Focusing on the data

The data conversation ends up being important because Salesforce research has found that the average enterprise has over a thousand silos of data across apps. Enterprises need to be intentional about bringing the data together. Teams need to look at and prioritize use cases systematically. O’Sullivan notes:

It's really important that we don't build out five hundred use cases all at once because we could potentially burn through budgets too quickly without seeing a return. Otherwise, we will overwhelm ourselves with some of the complexities. And that's human nature. So, we've got to keep it really simple and connect to some of this stuff. So, we can draw an outcome really quickly.

The Salesforce Data Cloud plays a big role in helping to harmonize data from different sources into a unified view. The company has also recently announced the general availability of its vector database that connects and aligns unstructured data from PDFs, emails, transcripts, and other formats with structured data in the data cloud.

O’Sullivan believes the combination of better training and data infrastructure is planting the seeds for more measured but sustainable innovations in the long run:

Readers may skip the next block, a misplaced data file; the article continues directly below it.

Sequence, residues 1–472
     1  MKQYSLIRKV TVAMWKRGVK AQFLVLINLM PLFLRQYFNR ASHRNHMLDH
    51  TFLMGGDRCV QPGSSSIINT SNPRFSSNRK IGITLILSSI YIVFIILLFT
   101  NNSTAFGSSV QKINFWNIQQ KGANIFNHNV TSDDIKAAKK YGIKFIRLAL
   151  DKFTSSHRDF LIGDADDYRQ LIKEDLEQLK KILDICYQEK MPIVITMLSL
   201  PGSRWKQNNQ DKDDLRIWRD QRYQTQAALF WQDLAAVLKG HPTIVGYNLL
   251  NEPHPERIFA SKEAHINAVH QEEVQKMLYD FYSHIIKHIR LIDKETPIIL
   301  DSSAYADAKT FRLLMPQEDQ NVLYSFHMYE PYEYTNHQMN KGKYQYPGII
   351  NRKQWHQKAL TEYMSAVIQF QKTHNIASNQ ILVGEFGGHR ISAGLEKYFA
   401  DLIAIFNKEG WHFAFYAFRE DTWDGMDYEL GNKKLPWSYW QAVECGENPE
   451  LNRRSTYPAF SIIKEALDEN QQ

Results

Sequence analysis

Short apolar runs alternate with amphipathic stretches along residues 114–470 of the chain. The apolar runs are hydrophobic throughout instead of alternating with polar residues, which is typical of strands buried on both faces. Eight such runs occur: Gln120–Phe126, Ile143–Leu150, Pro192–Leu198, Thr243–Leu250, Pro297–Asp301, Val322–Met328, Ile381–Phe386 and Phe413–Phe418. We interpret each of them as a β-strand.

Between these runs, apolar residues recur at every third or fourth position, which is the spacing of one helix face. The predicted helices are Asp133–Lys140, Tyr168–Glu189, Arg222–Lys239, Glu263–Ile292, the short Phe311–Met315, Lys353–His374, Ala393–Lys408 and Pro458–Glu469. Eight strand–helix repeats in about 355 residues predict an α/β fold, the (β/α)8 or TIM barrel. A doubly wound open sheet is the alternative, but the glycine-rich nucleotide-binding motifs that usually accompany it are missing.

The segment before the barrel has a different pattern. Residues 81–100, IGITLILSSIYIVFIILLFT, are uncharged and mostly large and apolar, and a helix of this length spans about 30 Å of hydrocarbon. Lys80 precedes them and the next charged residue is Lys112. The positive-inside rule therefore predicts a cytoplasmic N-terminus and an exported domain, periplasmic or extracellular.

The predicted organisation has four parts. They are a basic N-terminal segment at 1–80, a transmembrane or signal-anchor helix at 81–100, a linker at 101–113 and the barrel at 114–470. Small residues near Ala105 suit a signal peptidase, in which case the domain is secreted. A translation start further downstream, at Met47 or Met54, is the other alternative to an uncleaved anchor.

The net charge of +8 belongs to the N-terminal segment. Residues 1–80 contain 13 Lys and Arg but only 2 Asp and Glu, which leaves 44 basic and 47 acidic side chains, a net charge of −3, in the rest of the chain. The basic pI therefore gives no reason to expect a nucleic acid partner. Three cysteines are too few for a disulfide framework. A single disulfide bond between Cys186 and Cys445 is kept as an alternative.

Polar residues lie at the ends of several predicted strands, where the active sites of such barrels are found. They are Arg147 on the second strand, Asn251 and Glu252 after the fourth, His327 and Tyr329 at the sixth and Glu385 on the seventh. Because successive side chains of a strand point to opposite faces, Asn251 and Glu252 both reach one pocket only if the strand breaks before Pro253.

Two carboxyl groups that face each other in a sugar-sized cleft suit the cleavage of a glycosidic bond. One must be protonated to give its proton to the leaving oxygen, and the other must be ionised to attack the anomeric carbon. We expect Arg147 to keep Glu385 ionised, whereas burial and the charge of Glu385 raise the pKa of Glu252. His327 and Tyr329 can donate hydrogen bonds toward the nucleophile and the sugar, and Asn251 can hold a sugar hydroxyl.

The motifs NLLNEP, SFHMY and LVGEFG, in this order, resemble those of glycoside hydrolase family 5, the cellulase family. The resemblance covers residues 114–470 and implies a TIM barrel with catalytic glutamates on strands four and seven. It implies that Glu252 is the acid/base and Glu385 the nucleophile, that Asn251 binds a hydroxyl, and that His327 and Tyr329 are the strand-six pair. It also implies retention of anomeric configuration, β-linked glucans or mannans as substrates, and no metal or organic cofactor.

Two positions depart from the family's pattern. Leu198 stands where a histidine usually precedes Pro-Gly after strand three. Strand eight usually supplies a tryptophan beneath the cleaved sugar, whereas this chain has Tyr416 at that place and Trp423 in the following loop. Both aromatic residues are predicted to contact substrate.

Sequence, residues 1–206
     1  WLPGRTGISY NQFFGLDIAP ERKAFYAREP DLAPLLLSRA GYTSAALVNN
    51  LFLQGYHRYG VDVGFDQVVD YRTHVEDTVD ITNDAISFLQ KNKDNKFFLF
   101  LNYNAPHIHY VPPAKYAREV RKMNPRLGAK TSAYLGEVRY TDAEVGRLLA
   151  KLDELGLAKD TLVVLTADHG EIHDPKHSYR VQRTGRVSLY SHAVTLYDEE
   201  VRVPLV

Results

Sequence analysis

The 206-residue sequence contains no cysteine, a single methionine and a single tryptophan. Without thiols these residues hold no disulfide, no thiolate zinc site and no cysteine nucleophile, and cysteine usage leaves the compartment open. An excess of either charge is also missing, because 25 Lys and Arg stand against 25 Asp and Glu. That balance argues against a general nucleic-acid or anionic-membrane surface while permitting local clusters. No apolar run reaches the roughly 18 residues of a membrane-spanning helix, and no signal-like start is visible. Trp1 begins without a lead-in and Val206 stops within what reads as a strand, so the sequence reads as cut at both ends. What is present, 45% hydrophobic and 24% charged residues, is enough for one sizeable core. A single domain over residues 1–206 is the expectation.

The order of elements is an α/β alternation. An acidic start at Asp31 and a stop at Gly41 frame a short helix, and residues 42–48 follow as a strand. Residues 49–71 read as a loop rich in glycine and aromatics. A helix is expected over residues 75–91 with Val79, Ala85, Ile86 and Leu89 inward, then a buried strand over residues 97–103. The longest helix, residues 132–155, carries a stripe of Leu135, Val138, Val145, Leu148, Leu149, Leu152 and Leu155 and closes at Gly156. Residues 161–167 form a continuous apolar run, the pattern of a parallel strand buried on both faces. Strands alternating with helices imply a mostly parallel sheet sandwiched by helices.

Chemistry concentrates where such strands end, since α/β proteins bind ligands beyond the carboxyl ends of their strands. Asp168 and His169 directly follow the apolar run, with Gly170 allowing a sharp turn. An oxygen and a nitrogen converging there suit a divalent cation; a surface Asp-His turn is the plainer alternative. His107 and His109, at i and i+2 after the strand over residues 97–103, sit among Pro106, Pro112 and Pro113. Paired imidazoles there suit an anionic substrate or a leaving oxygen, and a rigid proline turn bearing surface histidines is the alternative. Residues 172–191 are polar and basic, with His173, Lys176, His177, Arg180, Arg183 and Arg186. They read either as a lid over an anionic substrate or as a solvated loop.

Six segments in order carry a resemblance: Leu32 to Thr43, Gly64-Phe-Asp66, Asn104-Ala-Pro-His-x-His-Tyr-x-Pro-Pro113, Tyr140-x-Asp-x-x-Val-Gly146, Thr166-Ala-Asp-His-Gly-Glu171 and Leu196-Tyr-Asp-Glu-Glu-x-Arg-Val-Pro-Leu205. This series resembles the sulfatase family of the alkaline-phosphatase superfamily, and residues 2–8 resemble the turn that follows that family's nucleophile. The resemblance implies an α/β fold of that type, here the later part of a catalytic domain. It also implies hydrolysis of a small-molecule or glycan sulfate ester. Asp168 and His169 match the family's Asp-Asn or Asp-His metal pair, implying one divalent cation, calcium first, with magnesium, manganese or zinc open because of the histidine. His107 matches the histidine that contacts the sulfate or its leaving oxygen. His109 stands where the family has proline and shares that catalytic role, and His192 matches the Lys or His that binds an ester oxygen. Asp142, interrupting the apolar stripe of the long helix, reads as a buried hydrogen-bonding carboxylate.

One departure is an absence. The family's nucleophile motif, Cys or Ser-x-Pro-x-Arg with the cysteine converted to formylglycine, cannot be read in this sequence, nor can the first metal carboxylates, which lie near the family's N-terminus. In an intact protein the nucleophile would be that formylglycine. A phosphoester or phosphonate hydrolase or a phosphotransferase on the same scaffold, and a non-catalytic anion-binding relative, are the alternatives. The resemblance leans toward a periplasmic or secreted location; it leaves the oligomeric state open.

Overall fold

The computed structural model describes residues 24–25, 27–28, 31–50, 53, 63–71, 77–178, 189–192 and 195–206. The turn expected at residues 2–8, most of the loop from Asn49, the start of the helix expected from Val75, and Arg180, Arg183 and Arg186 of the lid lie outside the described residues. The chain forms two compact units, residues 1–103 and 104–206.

I think the future looks like the connection of multiple small different innovations coming together. I think we won't see one big bang thing. Yes, we're going to see many more different language models, algorithms, and models that have been trained in different ways, more complex neural networks, etc. Hopefully, we'll see new business opportunities that will create a positive disruption in existing industries.

I've been saying this for now, probably five years. So, this, this is where I'm probably going to get it wrong, but we're going to see some convergence and deeper overlaps in industries. So, if you take a self-driving car, who does the insurance company insure in the future - the manufacturer of the car, the driver behind the wheel, or the software engineer who wrote the algorithm? Or do they insure all three and split the risk profile slightly differently? I think these things are things that we have to solve for. But I think it will be very interesting to see how we can drive this cross-industry disruption and innovation more broadly.

My take

AI hype makes impressive clickbait for mainstream media by glossing over its practical limitations and exaggerating its risks. Salesforce’s efforts to promote more practical training, conversations and collaboration will go a long way toward the more measured progress required for AI efforts to succeed in the long run.